If his invention proves successful, John Kanzius may one day be known as a man who found a treatment for cancer, found a way to provide fresh drinking water to the world and ended the fuel crisis. And, even though that day may not be too far in the future, Kanzius fears he might not live to see it. Kanzius has invented a machine that uses radio waves to zap tumors in rabbits and mice, can set salt water on fire and can use that fire to fuel an engine. He's done this with no medical degree, no Ph.D., not even a bachelor's degree. The only important degrees in Kanzius' life measure how hot he wants to heat metal with a radio wave. It all started six years ago when Kanzius was diagnosed with a rare form of leukemia. Then 58, he resigned himself to his death sentence. "It was a real kick in the rear end,” he said. A visit to University of Texas M.D. Anderson Cancer Center in Houston changed his life. He was in an elevator headed to the seventh floor for a painful bone marrow test, but the elevator door opened instead on the ninth floor, the children's ward. Kanzius had no idea there were so many children suffering with cancer, a disease he had always considered an adult disease. But dozens of children were on the ninth floor that day, watching him with sad, hollow eyes that spoke volumes of the painful treatments they were enduring, just as he was. "I thought, you know, if I've got a death sentence at 58 or 59 years old, I've lived my life and met a lot of people," Kanzius said. "But these young kids never got a chance to live. That is horrible." The vision of those sick children never left Kanzius' mind, even as he returned home to Erie, Pa., and began a series of chemotherapy treatments. The treatments were painful, exhausting and weakened his immune system, so Kanzius decided to buy a home in Sanibel, Fla., where at least the warm weather was a little easier on his immune system. Sleepless night experiments The chemotherapy caused Kanzius many negative side effects like nausea and sleeplessness. It was late on a sleepless November night as Kanzius tossed and turned in bed that he had an idea. Far fetched as it may seem, he wondered if radio waves could kill a tumor. Before retirement, Kanzius' career had centered on radio and television technology and he had a solid background in radio frequency transmitters. He had tinkered with the idea of targeting tumors with radio waves in the past - he knew that radio waves could heat metal almost instantly without heating the surrounding areas. But it was that fateful night in 2003 that he decided to act on his idea. "I had been thinking what if I sent a signal to a cancer cell that might have some kind of receiver, a piece of metal or something in it, and had the cancer cell pick up some RF energy on the radio signal (so it could) cause enough heat or instability in the metal to kill the cancer cell and just the cancer cell," Kanzius said. He quietly got out of bed so as not to disturb his sleeping wife, Marianne. He crept downstairs to the kitchen where he rooted through the cabinets looking for something metallic to bounce radio waves off.His wife's pie tins would have to do since his Florida workshop was rudimentary. Most of his equipment was still in his Erie home. Armed with the pie tins, copper wires, boxes and antennas, Kanzius must have seemed like a mad scientist to his wife who had awaken joined him. For the next few weeks, Kanzius' life revolved around building his machine. "My wife would be out getting different types of iron and copper mixtures for me," he said. "I started getting hot dogs and experimenting with these in the middle of the night and found that at the point where I injected these copper salts or iron salts or whatever that spot would get hot and the rest of the hot dog would stay cold." His experiments with hot dogs eventually graduated to liver and other meats. The stench of the burning meats was almost more than Kanzius could take in his state of chemo-induced nausea, but the malodorous experiments proved what he had suspected - that he could inject a piece of metal into the meat and then heat only that area up to extreme temperatures quickly by sending radio waves through it. Kanzius finished building the first prototype of his machine and patented it. But how would he apply his findings to an animal or human? Research effort expands When a cancer specialist at M.D. Anderson Cancer Center, Steven Curley, MD, heard about the experiment, he was interested because he had developed a similar cancer treatment using radio waves. "Current RF therapy is invasive, it requires placing a needle directly into a tumor to be treated,” Curley said in an e-mail interview. "We are limited to treating tumors in only a few sites in the body, we can't treat large tumors effectively, and the heating destroys normal tissues near the needle causing a complication rate of about 10 percent.” If successful, the new technique will be non-invasive, and, in theory, will be able to treat tumors anywhere in the body including microscopic metastases. Curley suggested to Kanzius that he contact another M.D. Anderson leukemia patient, Richard Smalley, a Nobel Prize-winning chemist who specialized in nanoscience. Curley thought it might be possible to heat metallic nanoparticles with Kanzius' machine. Since nanoparticles are so tiny - 75,000 to 100,000 can fit on the tip of a human hair - the idea was that a patient could swallow a pill or receive an injection containing the particles which would attach themselves to cancerous cells and then be heated enough by the radio waves to kill the cells. "As first presented, there were a few problems with the approach,” Curley said. "I mentioned this to John and he responded by building exactly the kind of equipment I knew would be needed to make this work. He is very ingenious and responsive when it comes to modifying designs and equipment.” Smalley doubted that nanoparticles would work, but he gave two vials of carbon nanoparticles to Curley who brought them to Pittsburgh, where Dr. David Geller was experimenting with Kanzius' machine. Geller is co-director of the University of Pittsburgh Medical Center's liver cancer program. When Smalley received a phone call from Curley saying that the nanoparticles had heated up when they were exposed to the radio waves, he was stunned. Smalley asked his colleagues at Rice University to join researchers from M.D. Anderson and the University of Pittsburgh who were experimenting with Kanzius' machine. Smalley's fight with leukemia ended just a few months later when he died in October 2005.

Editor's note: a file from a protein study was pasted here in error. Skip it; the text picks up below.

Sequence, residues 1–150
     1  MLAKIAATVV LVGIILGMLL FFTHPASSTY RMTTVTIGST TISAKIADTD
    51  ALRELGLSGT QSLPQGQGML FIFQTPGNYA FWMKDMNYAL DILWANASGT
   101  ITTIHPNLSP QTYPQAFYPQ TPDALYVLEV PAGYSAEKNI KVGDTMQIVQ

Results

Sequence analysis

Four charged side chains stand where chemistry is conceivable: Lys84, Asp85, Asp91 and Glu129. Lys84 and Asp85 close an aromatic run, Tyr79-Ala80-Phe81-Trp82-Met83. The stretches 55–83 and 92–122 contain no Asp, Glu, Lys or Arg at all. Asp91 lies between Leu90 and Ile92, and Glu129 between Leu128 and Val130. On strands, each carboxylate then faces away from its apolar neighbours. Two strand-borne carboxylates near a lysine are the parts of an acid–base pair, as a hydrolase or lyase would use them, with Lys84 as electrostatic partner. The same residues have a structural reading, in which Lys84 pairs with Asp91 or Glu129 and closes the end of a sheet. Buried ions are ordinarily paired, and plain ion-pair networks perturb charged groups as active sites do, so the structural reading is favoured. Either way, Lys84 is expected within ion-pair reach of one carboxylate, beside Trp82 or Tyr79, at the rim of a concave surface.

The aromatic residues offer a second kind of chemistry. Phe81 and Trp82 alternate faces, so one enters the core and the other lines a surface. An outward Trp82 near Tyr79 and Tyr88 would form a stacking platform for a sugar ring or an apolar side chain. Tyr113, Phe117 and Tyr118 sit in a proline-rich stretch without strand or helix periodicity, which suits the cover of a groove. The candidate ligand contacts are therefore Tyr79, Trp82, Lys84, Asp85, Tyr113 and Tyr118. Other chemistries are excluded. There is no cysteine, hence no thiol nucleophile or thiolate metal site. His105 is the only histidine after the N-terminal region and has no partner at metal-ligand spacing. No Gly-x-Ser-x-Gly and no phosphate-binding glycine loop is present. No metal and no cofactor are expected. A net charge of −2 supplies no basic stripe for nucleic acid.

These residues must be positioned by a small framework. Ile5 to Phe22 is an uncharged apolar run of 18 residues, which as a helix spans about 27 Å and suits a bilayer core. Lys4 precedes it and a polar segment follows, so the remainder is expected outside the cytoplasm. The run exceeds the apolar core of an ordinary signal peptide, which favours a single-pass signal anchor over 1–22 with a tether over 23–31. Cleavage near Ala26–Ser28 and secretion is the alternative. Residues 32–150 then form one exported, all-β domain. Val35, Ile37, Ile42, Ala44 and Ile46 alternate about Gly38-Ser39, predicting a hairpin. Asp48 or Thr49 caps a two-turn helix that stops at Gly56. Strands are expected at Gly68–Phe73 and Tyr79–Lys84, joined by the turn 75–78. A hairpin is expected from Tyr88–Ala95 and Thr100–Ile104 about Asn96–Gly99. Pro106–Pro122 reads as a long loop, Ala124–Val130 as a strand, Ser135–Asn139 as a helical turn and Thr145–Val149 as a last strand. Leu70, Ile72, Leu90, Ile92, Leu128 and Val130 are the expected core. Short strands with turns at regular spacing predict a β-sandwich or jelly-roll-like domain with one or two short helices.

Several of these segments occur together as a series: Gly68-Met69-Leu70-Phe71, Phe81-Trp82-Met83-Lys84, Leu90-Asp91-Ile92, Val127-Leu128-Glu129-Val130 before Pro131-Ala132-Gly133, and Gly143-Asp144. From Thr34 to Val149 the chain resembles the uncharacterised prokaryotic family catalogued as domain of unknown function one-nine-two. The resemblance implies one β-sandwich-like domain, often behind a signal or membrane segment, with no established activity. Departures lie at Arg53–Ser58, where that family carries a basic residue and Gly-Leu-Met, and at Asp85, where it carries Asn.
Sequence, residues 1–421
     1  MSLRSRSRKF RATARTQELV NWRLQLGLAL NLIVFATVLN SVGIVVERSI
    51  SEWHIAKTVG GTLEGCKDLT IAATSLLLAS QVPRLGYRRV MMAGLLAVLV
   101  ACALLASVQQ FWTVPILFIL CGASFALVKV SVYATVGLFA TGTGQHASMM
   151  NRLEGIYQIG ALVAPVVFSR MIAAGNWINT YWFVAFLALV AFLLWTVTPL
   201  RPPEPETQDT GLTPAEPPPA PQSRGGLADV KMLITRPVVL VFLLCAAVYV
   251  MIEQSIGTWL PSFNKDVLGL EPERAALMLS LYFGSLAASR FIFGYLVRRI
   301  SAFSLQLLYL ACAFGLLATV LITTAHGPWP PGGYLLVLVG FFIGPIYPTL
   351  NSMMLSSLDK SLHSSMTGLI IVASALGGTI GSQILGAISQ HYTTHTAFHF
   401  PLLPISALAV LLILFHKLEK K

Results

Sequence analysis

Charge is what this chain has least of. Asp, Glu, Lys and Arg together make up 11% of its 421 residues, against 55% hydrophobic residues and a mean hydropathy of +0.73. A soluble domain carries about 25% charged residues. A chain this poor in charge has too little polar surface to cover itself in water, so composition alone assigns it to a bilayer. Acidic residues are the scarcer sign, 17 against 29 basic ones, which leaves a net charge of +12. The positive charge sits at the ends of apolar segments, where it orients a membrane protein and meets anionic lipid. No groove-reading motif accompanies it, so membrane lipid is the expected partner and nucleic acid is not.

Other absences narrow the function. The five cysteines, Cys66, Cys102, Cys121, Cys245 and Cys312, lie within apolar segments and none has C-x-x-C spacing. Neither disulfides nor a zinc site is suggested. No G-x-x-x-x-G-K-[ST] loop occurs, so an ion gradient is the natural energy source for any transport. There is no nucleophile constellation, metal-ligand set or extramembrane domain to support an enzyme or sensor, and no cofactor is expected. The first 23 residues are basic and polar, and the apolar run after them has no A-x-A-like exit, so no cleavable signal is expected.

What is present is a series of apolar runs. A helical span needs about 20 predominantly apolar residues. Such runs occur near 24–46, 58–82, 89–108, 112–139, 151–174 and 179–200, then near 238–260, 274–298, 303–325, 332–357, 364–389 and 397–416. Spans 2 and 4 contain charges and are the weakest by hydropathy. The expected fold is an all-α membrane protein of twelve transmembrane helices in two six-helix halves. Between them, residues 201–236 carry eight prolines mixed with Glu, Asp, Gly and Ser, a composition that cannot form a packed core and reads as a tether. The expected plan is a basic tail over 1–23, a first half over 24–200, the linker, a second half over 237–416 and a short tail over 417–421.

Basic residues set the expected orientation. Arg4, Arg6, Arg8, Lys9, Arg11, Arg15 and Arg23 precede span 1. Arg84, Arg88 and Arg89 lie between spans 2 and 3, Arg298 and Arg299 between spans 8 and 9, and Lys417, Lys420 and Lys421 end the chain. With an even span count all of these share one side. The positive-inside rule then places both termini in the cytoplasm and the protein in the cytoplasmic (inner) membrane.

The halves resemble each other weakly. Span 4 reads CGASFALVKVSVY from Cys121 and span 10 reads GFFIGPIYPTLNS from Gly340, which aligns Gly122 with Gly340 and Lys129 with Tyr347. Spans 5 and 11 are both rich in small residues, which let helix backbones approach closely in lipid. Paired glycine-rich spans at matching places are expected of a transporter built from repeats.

A scientific manuscript written by a team of scientists from University of Texas, Rice University, Bordeaux (France) University, including Curley and Smalley was published in Cancer, an oncology medical journal last October. The manuscript documents experiments using human cells and tumors in rabbits and states that within 48 hours of being injected with carbon nanoparticles and exposed to the RF field with Kanzius' machine, all the rabbits¹ cancerous tumors demonstrated complete necrosis and were destroyed without side effects or damage to neighboring cells.